Prasadam - Poha, Part 3
BY: SUN STAFF
The Butter Thieves
Apr 20, 2010 CANADA (SUN) A journey through India: border to border, bhoga to prasadam.
Another of the wonderful pastimes found in Krsna culture that is associated with poha, flattened rice, is the festival of Dahi Handi. Dahi Handi is observed on the day after Janmastami, and today these celebrations go on around the world. In Maharashtra and Goa, it is an extremely popular event. Memorializing Sri Krsna's pastimes of stealing butter from the kitchens of Vrindavan with His friends, the Dahi Handi pots are hung high, and devotees compete to see which group can lift one of the their members high enough to grab the pot and disperse its content.
Dahi Handi pots are traditionally filled with a mixture of poha, curd (dahi) and jaggery, and the pot (handi) is decorated with cloth and flowers. The devotees form a human pyramid, telescoping upwards, with the bravest, nimblest (and lightest) member at the top, trying to grab the pot.
Dahi Handi festival
The festival is also known as Gopal-kala, and as the boys ascend the pyramid towards the pot, the crowd chants Govinda ala re, accompanied by drums and kartals. The girls in the crowd take the role of the women of Vrindavan, and try to interfere so the rascal boys can't get at the Dahi Handi pot so easily. They splash the boys with water and push them, trying to break the pyramid.
A detailed narrative of Sri Krsna's pastimes stealing butter is found in Srimad Bhagavatam 10.8.29-30. In fact, we read that Krsna and His friends were engaged in stealing not just butter, but also milk and curd:
Srimad Bhagavatam 10.8.29
"Our dear friend Yasoda, your son sometimes comes to our houses before the milking of the cows and releases the calves, and when the master of the house becomes angry, your son merely smiles. Sometimes He devises some process by which He steals palatable curd, butter and milk, which He then eats and drinks. When the monkeys assemble, He divides it with them, and when the monkeys have their bellies so full that they won't take more, He breaks the pots. Sometimes, if He gets no opportunity to steal butter or milk from a house, He will be angry at the householders, and for His revenge He will agitate the small children by pinching them. Then, when the children begin crying, Krsna will go away.
The narration of Krsna's naughty childhood activities would be presented to mother Yasoda in the form of complaints. Sometimes Krsna would enter the house of a neighbor, and if He found no one there, He would release the calves before the time for the cows to be milked. The calves are actually supposed to be released when their mothers are milked, but Krsna would release them before that time, and naturally the calves would drink all the milk from their mothers. When the cowherd men saw this, they would chase Krsna and try to catch Him, saying, "Here is Krsna doing mischief," but He would flee and enter another house, where He would again devise some means to steal butter and curd. Then the cowherd men would again try to capture Him, saying, "Here is the butter thief. Better capture Him!" And they would be angry. But Krsna would simply smile, and they would forget everything. Sometimes, in their presence, He would begin eating the curd and butter. There was no need for Krsna to eat butter, since His belly was always full, but He would try to eat it, or else He would break the pots and distribute the contents to the monkeys. In this way, Krsna was always engaged in mischief-making. If in any house He could not find any butter or curd to steal, He would go into a room and agitate the small children sleeping there by pinching them, and when they cried He would go away.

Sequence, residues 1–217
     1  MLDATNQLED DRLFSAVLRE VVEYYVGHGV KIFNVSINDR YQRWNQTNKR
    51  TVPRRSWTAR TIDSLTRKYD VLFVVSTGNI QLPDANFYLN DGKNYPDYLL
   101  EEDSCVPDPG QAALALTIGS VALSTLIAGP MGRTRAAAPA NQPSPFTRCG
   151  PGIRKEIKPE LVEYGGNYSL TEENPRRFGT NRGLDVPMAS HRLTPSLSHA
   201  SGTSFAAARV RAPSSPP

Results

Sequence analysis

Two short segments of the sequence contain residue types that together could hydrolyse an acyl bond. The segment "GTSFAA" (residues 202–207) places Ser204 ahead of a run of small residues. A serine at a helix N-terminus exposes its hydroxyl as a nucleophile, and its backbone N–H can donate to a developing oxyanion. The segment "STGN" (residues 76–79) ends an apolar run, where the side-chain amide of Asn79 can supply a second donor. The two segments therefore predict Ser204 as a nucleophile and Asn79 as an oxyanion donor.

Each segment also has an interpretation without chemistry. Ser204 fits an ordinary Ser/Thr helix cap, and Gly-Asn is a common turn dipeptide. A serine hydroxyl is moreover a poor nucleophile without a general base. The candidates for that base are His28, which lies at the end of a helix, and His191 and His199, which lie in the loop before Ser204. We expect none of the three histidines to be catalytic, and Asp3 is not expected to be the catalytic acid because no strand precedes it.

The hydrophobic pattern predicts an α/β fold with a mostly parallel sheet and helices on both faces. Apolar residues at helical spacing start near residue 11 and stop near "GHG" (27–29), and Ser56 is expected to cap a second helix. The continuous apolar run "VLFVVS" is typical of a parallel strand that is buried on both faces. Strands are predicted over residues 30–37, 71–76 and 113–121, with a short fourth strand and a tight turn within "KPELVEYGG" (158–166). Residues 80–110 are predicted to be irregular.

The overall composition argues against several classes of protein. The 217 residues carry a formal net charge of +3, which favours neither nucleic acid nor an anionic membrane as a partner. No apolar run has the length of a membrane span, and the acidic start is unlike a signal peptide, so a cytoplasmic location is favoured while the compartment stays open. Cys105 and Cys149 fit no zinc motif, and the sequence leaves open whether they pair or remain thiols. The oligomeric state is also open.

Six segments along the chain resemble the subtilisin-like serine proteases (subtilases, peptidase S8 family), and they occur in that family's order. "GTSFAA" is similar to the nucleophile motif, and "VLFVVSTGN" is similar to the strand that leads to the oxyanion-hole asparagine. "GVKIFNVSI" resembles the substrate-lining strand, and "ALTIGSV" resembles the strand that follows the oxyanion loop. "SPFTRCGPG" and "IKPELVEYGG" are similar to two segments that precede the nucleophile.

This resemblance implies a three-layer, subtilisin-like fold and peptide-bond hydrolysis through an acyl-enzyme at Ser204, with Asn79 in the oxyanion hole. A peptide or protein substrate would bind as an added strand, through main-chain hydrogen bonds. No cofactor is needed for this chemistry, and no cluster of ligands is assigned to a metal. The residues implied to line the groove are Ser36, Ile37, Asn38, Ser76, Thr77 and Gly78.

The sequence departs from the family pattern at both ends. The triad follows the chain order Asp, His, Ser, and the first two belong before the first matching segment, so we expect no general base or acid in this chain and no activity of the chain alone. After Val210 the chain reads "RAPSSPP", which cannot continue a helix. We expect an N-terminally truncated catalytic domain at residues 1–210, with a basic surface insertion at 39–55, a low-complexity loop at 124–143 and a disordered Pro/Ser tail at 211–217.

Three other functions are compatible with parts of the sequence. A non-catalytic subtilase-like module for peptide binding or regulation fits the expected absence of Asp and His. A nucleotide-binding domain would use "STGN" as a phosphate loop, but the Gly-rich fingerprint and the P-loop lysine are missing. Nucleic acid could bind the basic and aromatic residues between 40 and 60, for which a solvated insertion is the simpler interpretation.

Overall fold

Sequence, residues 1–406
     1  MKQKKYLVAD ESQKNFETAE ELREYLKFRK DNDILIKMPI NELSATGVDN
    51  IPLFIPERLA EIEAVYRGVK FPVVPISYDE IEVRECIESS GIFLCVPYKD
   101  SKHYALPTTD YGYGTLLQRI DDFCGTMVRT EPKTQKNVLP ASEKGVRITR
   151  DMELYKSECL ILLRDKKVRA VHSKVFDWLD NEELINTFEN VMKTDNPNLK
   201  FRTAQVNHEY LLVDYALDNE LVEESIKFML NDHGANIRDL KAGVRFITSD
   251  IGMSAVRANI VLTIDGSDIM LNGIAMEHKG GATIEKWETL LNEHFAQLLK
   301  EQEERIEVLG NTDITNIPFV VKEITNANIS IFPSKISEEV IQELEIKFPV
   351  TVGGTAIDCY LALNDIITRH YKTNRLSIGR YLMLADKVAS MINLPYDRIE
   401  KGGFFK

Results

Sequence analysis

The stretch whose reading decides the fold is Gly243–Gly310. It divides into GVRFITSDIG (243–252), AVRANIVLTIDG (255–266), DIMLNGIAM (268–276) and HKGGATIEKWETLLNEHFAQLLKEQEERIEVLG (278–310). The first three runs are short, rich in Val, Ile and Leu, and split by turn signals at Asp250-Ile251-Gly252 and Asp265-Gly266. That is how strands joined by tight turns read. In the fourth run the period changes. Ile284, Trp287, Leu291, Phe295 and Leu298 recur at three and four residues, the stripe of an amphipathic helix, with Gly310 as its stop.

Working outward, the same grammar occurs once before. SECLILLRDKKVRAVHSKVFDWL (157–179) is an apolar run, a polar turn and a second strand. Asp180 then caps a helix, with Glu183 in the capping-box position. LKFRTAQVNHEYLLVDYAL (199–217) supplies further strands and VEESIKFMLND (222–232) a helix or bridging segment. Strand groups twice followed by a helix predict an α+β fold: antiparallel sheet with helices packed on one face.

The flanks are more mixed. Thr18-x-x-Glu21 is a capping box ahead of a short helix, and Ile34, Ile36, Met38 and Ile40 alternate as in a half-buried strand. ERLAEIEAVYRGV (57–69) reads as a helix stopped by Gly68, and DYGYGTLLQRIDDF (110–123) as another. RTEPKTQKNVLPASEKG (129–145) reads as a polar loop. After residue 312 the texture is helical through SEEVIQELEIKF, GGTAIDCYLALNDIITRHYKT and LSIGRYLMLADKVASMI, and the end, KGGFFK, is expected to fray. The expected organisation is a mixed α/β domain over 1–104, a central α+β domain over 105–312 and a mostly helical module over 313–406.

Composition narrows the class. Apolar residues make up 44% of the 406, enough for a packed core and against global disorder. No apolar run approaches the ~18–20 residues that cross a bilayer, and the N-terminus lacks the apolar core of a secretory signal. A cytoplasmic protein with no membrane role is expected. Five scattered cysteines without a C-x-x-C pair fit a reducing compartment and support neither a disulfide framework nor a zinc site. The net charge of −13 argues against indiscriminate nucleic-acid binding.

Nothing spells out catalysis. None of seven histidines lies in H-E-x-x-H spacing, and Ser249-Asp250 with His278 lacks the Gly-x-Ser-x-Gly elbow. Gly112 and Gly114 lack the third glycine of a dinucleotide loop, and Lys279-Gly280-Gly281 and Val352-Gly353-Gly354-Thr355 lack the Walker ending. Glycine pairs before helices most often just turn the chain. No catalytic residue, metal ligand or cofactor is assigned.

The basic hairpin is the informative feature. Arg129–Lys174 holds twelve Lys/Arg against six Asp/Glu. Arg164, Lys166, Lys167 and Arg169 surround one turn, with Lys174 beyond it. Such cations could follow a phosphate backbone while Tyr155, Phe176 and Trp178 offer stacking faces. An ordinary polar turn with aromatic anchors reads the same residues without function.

Srimad Bhagavatam 10.8.30
"When the milk and curd are kept high on a swing hanging from the ceiling and Krsna and Balarama cannot reach it, They arrange to reach it by piling up various planks and turning upside down the mortar for grinding spices. Being quite aware of the contents of a pot, They pick holes in it. While the elderly gopis go about their household affairs, Krsna and Balarama sometimes go into a dark room, brightening the place with the valuable jewels and ornaments on Their bodies and taking advantage of this light by stealing.